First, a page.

Category Archives: Poetry

The River

The occasional groan of the wooden house

And steady soft breathing are all I hear

This dark night. My tired eyes

See nothing in the thick blackness of the room

But the glow from the alarm clock

And the pale yellow light that crawls

Beneath the drapes.

~

And the ache that set root

In the pit of my stomach

Slowly grows again, twisting its vining branches

Around every rib, until once again

My breaths are shallow

And painful, and salty drops of sadness

Roll down onto the pillow.

~

In the morning there will be time

To put away our tender dreams,

As one might put away dishes

In the cabinet of loving expectation.

But in this still moment I think of

The little saucer face,

A chipped teacup tooth

A round bowl filled with laughter.

~

And then, in the camera of my memory,

We slowly tuck the small lifeless form–

Dressed in soft cotton and

Fingers smaller than I’d imagined–

Into a floating cradle warm

With the linen and blanket

Of my swaddling love.

~

Like the dew outside,

Sleep descends mercifully.

And gently rocking like Moses’ basket,

The vessel drifts away.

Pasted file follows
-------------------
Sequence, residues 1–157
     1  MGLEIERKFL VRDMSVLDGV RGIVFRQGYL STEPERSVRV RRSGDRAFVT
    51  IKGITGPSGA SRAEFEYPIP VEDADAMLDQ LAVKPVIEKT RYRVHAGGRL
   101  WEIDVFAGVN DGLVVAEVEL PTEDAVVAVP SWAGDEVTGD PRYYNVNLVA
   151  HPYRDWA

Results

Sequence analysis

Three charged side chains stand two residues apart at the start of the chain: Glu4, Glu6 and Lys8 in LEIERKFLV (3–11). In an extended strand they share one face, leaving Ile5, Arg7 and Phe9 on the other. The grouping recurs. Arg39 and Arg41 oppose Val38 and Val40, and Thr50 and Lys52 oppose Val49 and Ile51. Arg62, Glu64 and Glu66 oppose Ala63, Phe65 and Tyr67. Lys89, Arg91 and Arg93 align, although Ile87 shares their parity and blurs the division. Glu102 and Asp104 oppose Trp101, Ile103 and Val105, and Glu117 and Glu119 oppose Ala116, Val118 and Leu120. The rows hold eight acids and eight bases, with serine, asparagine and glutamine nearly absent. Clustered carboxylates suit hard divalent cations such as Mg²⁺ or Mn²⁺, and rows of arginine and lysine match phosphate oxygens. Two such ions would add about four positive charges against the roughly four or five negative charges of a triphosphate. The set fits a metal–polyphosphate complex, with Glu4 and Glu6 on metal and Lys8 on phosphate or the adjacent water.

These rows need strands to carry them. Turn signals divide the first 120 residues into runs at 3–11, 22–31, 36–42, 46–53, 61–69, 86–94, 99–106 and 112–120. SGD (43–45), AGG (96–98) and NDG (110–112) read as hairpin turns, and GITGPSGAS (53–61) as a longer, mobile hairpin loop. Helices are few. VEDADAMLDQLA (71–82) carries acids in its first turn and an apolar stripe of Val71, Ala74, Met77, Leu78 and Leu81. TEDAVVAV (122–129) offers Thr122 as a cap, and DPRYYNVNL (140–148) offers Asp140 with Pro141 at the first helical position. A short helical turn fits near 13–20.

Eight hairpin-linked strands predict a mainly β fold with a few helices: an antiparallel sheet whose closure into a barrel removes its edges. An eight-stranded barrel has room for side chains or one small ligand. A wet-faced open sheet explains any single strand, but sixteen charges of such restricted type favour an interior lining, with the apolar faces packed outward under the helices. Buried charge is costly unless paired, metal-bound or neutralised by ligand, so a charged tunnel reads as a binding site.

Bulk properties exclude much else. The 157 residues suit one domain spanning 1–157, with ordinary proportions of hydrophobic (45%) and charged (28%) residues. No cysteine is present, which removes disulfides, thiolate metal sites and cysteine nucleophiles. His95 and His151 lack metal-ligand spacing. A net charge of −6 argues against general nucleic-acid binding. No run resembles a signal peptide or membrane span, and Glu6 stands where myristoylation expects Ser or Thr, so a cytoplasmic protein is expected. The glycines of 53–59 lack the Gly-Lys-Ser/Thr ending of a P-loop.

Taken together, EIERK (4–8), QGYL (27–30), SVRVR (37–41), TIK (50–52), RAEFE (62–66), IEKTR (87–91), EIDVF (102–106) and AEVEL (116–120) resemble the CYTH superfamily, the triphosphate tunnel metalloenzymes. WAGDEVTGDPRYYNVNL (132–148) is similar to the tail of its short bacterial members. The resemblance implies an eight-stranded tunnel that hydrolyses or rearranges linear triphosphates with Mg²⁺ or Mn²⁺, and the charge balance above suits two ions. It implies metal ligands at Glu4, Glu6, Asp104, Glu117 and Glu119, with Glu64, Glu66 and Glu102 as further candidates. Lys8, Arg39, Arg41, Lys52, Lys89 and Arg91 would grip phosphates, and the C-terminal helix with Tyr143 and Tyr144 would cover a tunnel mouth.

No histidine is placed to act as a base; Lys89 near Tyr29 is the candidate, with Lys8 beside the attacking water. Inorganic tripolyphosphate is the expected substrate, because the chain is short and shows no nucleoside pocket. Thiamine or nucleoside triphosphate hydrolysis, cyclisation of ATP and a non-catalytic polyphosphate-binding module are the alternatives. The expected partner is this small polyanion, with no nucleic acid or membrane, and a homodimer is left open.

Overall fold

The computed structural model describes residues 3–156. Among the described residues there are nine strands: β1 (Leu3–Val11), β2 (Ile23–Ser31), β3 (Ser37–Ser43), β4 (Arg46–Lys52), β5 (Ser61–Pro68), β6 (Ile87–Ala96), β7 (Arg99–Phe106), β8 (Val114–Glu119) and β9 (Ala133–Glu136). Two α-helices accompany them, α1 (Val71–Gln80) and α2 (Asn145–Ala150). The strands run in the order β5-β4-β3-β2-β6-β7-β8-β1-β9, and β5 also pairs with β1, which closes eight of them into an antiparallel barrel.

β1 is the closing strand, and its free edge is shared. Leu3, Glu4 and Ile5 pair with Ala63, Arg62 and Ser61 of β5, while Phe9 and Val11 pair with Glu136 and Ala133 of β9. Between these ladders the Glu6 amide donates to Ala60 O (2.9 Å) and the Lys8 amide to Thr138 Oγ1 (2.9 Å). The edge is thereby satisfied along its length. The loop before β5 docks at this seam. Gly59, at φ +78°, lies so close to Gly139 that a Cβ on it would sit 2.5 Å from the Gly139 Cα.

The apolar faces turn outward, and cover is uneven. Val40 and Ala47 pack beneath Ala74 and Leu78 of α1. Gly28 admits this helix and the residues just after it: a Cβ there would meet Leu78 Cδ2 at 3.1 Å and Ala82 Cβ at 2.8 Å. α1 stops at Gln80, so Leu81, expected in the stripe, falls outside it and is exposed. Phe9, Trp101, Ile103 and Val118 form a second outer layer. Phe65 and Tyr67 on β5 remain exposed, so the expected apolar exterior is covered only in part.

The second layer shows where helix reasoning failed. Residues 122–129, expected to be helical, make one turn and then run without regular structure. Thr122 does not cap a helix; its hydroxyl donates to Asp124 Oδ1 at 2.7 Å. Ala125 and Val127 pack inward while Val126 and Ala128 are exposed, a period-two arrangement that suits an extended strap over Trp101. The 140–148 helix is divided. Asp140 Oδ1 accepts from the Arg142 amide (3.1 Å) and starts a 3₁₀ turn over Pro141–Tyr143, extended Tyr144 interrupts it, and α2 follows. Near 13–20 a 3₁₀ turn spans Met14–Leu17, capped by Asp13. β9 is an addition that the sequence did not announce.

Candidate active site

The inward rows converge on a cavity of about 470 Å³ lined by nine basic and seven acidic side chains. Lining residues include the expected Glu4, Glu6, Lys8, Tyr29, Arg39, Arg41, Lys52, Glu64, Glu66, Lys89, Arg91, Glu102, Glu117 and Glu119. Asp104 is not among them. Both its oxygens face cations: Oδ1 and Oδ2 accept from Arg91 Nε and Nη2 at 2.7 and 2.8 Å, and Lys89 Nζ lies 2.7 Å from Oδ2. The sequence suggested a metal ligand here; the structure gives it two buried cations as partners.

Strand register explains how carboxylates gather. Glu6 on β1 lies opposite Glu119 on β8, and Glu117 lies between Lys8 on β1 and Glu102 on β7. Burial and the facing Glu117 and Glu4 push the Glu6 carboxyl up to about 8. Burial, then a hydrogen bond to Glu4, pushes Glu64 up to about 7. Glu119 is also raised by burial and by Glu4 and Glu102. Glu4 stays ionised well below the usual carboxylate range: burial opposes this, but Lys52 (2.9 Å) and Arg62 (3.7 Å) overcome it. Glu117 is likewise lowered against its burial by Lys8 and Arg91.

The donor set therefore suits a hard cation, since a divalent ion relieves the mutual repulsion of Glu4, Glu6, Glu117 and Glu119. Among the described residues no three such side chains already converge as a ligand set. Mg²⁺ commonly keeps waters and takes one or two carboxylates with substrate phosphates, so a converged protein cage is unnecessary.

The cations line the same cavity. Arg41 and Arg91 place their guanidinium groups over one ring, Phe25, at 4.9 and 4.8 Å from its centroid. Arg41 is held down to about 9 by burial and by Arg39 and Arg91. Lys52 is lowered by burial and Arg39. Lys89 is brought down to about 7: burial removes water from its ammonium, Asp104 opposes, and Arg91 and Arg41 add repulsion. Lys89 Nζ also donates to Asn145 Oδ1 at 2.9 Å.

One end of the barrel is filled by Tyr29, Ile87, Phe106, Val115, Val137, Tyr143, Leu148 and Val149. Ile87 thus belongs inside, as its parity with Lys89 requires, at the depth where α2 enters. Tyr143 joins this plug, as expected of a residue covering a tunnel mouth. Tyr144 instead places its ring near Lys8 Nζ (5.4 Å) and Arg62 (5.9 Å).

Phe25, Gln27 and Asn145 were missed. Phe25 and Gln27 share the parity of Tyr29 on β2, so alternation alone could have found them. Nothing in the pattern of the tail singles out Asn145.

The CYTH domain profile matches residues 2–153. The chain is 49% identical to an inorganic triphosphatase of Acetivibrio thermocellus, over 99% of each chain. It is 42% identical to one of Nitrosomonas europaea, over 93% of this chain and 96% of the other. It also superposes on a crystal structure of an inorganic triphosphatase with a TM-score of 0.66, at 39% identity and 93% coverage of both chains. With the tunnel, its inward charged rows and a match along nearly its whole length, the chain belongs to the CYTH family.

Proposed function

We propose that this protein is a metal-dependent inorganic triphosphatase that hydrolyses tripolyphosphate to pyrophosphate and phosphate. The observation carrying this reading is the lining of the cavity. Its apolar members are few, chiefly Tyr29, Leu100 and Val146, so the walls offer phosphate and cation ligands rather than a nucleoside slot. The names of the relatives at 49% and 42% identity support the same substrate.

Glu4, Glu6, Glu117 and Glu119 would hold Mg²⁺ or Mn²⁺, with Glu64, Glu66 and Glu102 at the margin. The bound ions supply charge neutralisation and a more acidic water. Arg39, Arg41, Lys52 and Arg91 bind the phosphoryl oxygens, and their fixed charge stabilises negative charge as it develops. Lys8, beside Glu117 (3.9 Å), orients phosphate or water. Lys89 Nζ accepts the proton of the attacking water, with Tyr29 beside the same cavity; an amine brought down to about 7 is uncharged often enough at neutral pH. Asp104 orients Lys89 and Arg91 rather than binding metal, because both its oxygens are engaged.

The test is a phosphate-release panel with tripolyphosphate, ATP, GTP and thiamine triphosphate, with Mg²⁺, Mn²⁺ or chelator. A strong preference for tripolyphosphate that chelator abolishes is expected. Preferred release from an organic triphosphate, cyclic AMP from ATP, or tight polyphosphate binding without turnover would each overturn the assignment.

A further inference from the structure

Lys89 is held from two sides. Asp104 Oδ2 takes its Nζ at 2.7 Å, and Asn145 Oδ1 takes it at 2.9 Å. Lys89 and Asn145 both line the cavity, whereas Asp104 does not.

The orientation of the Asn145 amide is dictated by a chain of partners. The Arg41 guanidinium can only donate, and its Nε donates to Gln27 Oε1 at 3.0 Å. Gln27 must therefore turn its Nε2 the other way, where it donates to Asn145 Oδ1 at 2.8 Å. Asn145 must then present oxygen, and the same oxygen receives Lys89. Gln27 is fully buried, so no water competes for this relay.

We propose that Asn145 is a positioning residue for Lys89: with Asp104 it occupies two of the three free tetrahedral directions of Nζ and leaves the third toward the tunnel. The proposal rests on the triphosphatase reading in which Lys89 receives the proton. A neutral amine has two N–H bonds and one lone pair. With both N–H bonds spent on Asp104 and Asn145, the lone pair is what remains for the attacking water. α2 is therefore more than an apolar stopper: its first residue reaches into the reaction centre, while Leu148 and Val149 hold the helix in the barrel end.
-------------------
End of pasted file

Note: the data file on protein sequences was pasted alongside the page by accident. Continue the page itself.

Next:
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Shabbat Shalom

The elevator doors closed

the little cube of a room

I’d raced into after seeing

them open on their own.

And once inside, the yellow ceiling light

and the polished warm-hued trim reflected

the small orange button I pushed

for floor 10.

Only when the miniature fires inside

buttons 3 and 4

lit themselves

did I realize I had boarded the

Sabbath elevator

and thought that seven extra stops

made for a nice number,

an unexpected rabbinical ride.

~

This vertical ride, I thought,

reminded me too of the subways,

just off by 90 degrees or so,

when the express train

snakes local,

and nobody bothers to tell me in advance

that the A train leaving Harlem’s 125th

would stop at 116th, and 110th & 103rd of course,

and fail to bypass 96th

before slowing at pleasant 86th Street,

and pausing at 81st to drop off

museum goers anxious to see the dinosaur fossils.

And what’s one more stop at 72nd

before reaching the usual Columbus Circle-59th?

I will never look at these

seven extra stations the same way

but will instead offer a quiet prayer of thanks

for their underground burrows

teeming with rivet and rodent and tile.

~

Indeed, life offers many

unexpected stops–many knots along its

coiled rope of time.

Perhaps if I could roll the paired dice

of urim and thummim,

I could always avoid the flight

with the unanticipated layover,

the homeless man around the corner

who will ask me for a quarter,

even the slow line at the grocery store

that looks deceptively short.

No, it may be better

to savor these little hiccoughs–

despite their sour taste–

and to realize that interruptions

are life,

even if it’s the M60 bus

hobbling from block to block,

its engine wheezing as it traces

its Parkinsonian route.

~

And so the elevator

groaned and shuddered,

yawning at every floor

with a breath as invisible

as every Cohen and Shapiro